Monday, 6 June 2016

RACP grant helps Monash doctor save babies in India

Dr Atul Malhotra
A Royal Australasian College of Physicians’ (RACP) grant will enable expansion of a teaching and research program in neonatal resuscitation in India, potentially saving the lives of hundreds of babies.

Monash University researcher and Monash Children’s Hospital neonatologist Dr Atul Malhotra is the recipient of the 2016 RACP Eric Burnard Fellowship, allowing him to travel to rural Punjab to develop an educational program for health workers to recognise perinatal asphyxia (oxygen deprivation) and hypoxic ischemic encephalopathy (HIE).

A type of brain damage, HIE occurs when a newborn infant’s brain doesn’t receive enough oxygen and blood.

“Birth asphyxia contributes to a significant proportion of deaths in the developing world—close to one million deaths per year worldwide,” said Dr Malhotra. 

“Neonatal resuscitation and the prompt recognition of an asphyxiated newborn is key to reducing neonatal mortality.”

Funded by the Bill & Melinda Gates Foundation in 2013-14, Dr Malhotra along with his co-researchers at Monash University led an Indian collaborative education program to develop neuroprotective therapies with local health leaders to decrease birth asphyxia-related brain injuries in neonates.

Dr Malhotra said the rural region in Punjab, India is the logical next step to extend their Indian program of neonatal neuroprotection.

“I have strong connections with the local host institution, the Community Medicine Department of PGI, Chandigarh,” said Dr Malhotra.

“I am very excited about starting the next chapter of our Indian education program when we travel to Punjab later this year.”

Associate Professor Michael Fahey, Head of Paediatric Neurology at Monash Children’s Hospital will assist Dr Malhotra in the roll out of the program.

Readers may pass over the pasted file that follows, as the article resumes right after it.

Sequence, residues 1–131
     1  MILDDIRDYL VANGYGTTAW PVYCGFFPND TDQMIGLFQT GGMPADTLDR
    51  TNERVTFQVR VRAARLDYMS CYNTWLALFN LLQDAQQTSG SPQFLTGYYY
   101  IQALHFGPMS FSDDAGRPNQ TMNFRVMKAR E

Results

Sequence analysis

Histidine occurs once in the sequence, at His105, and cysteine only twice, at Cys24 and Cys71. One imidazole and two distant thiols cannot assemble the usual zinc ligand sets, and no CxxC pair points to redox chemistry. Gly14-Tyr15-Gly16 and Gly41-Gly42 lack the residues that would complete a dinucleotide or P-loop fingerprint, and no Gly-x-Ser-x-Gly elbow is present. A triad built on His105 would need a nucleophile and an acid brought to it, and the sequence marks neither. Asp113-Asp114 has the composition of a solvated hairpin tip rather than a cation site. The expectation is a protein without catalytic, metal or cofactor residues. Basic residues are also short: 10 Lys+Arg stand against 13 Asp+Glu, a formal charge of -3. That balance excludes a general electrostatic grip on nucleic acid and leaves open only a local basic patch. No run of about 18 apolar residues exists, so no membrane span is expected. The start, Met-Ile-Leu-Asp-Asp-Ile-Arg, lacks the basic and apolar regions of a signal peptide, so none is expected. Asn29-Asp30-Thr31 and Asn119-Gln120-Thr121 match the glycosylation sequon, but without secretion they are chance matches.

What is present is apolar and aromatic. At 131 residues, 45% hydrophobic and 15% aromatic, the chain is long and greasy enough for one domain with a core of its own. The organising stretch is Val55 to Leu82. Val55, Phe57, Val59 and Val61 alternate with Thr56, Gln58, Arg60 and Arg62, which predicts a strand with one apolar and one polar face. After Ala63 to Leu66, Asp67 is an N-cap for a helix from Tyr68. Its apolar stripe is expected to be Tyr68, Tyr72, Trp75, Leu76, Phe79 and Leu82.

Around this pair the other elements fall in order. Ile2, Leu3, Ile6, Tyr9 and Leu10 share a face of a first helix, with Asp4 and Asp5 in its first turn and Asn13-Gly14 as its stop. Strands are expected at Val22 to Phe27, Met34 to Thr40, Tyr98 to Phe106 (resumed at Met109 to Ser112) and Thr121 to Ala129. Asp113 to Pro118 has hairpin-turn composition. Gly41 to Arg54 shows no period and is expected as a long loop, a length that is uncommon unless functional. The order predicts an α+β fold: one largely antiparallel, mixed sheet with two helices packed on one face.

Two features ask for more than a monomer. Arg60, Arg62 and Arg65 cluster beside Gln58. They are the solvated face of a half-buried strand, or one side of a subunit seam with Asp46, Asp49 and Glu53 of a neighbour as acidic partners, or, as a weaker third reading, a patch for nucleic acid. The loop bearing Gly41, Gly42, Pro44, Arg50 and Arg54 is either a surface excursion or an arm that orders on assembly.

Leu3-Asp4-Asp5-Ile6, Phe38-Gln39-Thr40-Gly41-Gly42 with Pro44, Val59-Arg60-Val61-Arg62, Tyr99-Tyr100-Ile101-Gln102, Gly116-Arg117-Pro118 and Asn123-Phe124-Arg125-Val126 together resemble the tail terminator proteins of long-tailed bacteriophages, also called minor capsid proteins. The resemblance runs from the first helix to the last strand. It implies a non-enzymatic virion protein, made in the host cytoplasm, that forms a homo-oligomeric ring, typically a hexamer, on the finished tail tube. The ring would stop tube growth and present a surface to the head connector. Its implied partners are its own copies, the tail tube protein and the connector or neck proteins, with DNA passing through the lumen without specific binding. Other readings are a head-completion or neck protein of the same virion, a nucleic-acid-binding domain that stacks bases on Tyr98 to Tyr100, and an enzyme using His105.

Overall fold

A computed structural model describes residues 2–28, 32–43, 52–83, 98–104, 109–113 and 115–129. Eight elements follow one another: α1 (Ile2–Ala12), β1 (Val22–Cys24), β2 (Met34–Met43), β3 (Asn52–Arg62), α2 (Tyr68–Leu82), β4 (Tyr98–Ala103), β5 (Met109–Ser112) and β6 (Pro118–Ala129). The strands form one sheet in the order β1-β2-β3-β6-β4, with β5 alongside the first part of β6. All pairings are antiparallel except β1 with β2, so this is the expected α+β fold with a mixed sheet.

Associate Professor Michael Franco recognised for his contribution to research and medical education

Associate Professor Michael Franco
Congratulations Dr Michael Franco on his academic promotion to Associate Professor in the School of Clinical Sciences at Monash Health, Monash University.

A full time member of senior medical staff at Monash Health since 2009, Associate Professor Franco has clinical roles in medical oncology and palliative medicine.  He is currently Deputy Head of Medical Oncology, part of the EMR Council and has worked extensively in undergraduate teaching at Monash University as well as Monash Health in prevocational and vocational education and training. 

“My promotion to Associate Professor feels like a validation of the work that I've done at Monash Health and Monash University, particularly in relation to teaching and mentoring health care professionals,” said Associate Professor Franco.

Associate Professor Franco’s research projects are in the field of cancer pain (assessing a monoclonal antibody against nerve growth factor for the treatment of pain from bone metastases) and looking at the novel use of methadone for treatment of cough.

“Whilst it's long been known that the opioid receptor is key, the NMDA receptor has recently been strongly implicated in the physiology of the cough reflex.”

“Methadone is unique as it blocks both of these receptors and thus may be a useful treatment for patients with troubling cough.”

Associate Professor Franco is also a representative on the Australian Lung Cancer Trials Group’s Specialist Advisory Committee.

Beyond his clinical research interests in the nexus of palliative medicine and oncology,
Associate Professor Franco is the Chair of Accreditation and a Board Member of the Postgraduate Medical Council of Victoria, as well as an advisor to the Australian Medical Council. 

“I've always been a firm believer that the best way to help as many patients as possible, is to advocate for, foster and provide excellence in teaching, encouragement and inspiration to others.”

World Environment Day Friday 10 June

Staff at the Monash Health Translation Precinct (MHTP) are invited to participate in a number of events to celebrate World Environment Day this Friday 10 June.  

  • World Environment Day showcase in Lecture 1 on Friday 10th June from 12 - 3pm.
  •  Keep Cup sale in the foyer of Lecture Theatre 1, MMC on Friday 10 June 12-3pm.  Heavily discounted in a range of great colours; small and regular size at only $10.  Each time you use your Keep Cup you will prevent a paper cup from ending up as landfill, plus hospital cafes offer discounts for customers who bring their own cup. Pre-sale cups are also available at Zoukis cafe on Wednesday 8th from 10am. Select one for your office or home!